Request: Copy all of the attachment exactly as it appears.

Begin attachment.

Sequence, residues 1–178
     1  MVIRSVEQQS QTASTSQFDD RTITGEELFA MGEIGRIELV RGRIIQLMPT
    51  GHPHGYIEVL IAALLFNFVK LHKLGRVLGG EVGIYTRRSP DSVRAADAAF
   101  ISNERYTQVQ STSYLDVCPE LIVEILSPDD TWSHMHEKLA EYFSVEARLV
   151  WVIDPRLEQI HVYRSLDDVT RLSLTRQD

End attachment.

Sequence, residues 1–178
     1  MVIRSVEQQS QTASTSQFDD RTITGEELFA MGEIGRIELV RGRIIQLMPT
    51  GHPHGYIEVL IAALLFNFVK LHKLGRVLGG EVGIYTRRSP DSVRAADAAF
   101  ISNERYTQVQ STSYLDVCPE LIVEILSPDD TWSHMHEKLA EYFSVEARLV
   151  WVIDPRLEQI HVYRSLDDVT RLSLTRQD